The snowstorm that slammed Washington, DC a couple of weeks ago brought work in the nation's capitol to screeching halt, including postponing Federal Reserve Chairman Ben Bernanke's anticipated congressional testimony.
Chairman Bernanke gets an opportunity to deliver that testimony today, focusing both on the Fed's plans for monetary policy, and the outlook for withdrawing the extraordinary programs put in place during the financial crisis.
One unintended consequence of delaying the hearing was that Bernanke was denied the opportunity to further signal his plans to begin to normalize the spread between the target federal funds rate and the discount rate. The Fed's announcement a week later that it would raise the discount rate last surprised some market participants.
At least, it surprised those who weren't paying attention. Markets won't make the same mistake today — every word by the Chairman will be duly parsed.
Bernanke's challenge today will be to convince skeptical members of Congress that he has a plan to manage his commitment to growth now and in the near term, while also being able to withdraw liquidity quickly enough to prevent inflation expectations from taking hold. Bernanke will also explain how the Fed will reduce a balance sheet that necessarily exploded during the financial crisis. No question - he has a complicated eighteen months ahead of him.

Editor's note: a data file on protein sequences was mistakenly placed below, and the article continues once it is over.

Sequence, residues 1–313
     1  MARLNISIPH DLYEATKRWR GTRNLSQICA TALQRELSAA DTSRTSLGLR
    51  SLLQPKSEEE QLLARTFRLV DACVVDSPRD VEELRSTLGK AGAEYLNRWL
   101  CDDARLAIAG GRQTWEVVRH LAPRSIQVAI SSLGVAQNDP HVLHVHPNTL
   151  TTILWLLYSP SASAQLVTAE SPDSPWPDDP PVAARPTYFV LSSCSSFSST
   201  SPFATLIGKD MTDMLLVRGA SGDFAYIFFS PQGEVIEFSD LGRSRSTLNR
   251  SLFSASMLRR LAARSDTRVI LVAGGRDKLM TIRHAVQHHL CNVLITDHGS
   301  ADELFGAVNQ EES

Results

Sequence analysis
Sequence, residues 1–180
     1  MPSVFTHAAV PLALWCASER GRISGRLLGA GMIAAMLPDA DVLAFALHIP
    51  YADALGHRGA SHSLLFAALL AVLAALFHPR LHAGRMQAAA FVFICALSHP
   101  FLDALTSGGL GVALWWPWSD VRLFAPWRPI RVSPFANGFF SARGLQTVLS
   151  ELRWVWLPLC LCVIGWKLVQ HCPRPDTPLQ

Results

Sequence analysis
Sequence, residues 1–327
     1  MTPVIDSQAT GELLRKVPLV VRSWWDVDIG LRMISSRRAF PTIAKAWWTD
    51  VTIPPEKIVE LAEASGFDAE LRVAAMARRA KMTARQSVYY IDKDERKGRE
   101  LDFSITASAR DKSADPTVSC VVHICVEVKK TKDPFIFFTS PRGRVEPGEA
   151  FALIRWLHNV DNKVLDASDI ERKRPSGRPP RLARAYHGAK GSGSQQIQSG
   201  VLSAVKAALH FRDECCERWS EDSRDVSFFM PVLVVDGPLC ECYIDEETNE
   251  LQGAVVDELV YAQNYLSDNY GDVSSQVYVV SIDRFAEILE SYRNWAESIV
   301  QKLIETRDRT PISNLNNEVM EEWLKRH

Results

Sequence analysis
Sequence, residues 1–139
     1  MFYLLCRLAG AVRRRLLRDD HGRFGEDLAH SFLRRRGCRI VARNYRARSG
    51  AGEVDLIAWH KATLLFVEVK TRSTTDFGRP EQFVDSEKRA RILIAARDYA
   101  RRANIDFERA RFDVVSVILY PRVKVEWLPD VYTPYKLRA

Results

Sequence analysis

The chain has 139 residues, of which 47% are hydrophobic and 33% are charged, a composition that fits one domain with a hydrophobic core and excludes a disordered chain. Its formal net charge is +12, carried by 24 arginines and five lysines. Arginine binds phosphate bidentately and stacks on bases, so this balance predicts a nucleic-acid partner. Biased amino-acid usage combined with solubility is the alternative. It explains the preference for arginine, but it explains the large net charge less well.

Fortunately, Bernanke has some new tools in his toolbox to better fine tune monetary policy beyond the policy rate.
Whereas the federal funds rate is a blunt instrument, the Fed's ability to pay interest on reserves is more surgical.
Bernanke will also soon test special deposit accounts, another potentially powerful tool to drain excess liquidity.
The Fed's ability to better target reserves will help, but at the end of the day it will still come down to judgment calls by Bernanke and members of the Federal Open Market Committee on the outlook for demand in the economy, the magnitude and timing of tightening decisions, and -- equally important -- how those decisions are communicated.
Let's hope another snow storm doesn't get in Bernanke's way this time.
Tony Fratto is a CNBC on-air contributor and most recently served as Deputy Assistant to the President and Deputy Press Secretary for the Bush Administration.